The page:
3. Many who maintain a belief in the 5 points of Calvinism also humorously deny the existence of any other causal agents in God’s universe []
  4. Or permitted in some milder forms, though He causally controls everything else which serves to merely abstract the ugliness of the underlying assumption of causal determinism. []
  5. It’s also helpful to note here that sovereignty does not necessarily entail complete causal control over all events. Otherwise, where would we assign the guilt of sin and evil we see all around us? []
  6. Sometimes our suffering is the result of the pain we find in a broken world []
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3 responses to “Did God kill my child?

  1. Have you ever read "The Innocence of God" by Udo Middelmann? Great book against the determinism perspective.

    • lol, I actually didn't mean for this to post until Jan 4th… Oh well.

      Yes. I mentioned Udo's book at the end. It was actually recommended to me by a student of Bruce Little's and it is certainly an eye-opening, two-fisted beat-down of the causally deterministic position. I've also heard that shortly after the bridges collapsed in Minnesota and John Piper made his deplorable "God did it" comment (like he does EVERY time a disaster happens), Udo wrote to Bruce, citing Piper's words on the matter and made a comment to the effect of "this is what is wrong with Christianity in America."

  2. What about Job?

    It's been a while since I read Lewis' The Problem of Pain in which he deals with the various purposes and causes of pain and suffering and, indirectly, sin in the world.

    I tend to fall towards the Calvinist/Theo-Determinist side of things, which I consider interesting due to my personal views of responsibility and locus of control fall far to the internal side. Personal responsibility is a big thing in my life.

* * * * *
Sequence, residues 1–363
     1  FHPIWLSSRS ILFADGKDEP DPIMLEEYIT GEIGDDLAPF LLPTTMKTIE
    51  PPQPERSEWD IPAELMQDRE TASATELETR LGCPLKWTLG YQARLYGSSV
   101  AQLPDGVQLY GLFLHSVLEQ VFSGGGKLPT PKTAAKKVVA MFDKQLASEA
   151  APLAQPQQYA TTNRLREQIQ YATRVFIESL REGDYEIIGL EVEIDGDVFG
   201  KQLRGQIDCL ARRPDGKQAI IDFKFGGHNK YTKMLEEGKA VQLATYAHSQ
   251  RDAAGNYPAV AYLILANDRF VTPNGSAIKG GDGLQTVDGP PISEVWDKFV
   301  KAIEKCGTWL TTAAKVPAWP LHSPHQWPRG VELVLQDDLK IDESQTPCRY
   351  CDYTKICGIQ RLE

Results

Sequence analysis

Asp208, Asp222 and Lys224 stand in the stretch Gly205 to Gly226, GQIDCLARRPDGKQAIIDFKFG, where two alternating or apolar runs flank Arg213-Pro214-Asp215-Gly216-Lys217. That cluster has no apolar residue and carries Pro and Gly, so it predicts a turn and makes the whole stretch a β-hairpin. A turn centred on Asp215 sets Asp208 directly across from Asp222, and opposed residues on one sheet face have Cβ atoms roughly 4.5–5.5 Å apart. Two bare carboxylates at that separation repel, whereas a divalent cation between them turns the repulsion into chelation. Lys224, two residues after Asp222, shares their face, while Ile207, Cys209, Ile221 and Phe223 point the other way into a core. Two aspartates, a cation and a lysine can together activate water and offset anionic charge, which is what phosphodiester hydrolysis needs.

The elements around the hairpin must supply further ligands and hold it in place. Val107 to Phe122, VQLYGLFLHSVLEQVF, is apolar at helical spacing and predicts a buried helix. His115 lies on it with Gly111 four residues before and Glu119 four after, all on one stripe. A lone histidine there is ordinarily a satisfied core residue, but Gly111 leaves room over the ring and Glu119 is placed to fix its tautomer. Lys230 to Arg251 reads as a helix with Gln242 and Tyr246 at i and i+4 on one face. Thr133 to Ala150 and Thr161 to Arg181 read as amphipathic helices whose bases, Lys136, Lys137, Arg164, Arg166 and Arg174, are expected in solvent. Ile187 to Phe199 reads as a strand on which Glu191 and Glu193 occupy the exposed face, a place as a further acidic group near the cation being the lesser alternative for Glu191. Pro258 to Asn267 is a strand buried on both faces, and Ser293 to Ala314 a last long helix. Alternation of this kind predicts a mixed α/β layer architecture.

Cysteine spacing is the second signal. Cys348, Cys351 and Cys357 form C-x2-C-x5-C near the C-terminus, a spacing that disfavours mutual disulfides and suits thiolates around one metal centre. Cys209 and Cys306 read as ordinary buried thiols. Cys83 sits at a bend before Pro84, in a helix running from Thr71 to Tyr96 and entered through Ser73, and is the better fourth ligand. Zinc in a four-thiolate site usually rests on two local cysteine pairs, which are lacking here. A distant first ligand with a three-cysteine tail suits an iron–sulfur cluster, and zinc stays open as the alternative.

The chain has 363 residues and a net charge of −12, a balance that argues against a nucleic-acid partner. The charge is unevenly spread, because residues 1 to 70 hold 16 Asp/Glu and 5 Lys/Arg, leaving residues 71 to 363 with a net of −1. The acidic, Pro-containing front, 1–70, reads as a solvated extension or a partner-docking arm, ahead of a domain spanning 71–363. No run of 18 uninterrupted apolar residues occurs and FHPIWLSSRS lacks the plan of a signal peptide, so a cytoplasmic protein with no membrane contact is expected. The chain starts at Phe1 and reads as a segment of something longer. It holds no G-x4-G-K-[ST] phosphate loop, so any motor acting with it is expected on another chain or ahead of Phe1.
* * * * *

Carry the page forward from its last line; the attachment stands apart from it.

But I would mitigate the full-throttle "God caused it" with the, I believe more accurate, "God allowed it" which is easily and irrefutably understood from the story of Job.

    I assuage the internal issues I feel over God-caused pain with the understanding that I don't and can't understand all God's reasons because His thoughts are not my thoughts and His ways are not my ways.

    Taking an argument from nature and our own lives, we see how pain and suffering, resulting either from our own stupidity and sin or from the normal passage of life, serves to strengthen us and grow us more effectively at times than would ease and comfort. And if God is working together all things for the good of those called according to His purposes He could conceivably be a rather direct cause of what we can see as unpleasant and painful.

    The chief end of man is to glorify God and praise Him forever. This occurs willingly or unwillingly. It is non-optional. Each and every circumstance and action serves in it's small way, within the vast canvas of God's plan, to bring about God's greater glory.

    And the comfort in any pain I suffer either from God's direct action or His indirect allowing is that I know He has His hands upon the situation and is not leaving up to fate or chance or Satan the tempering of my spirit.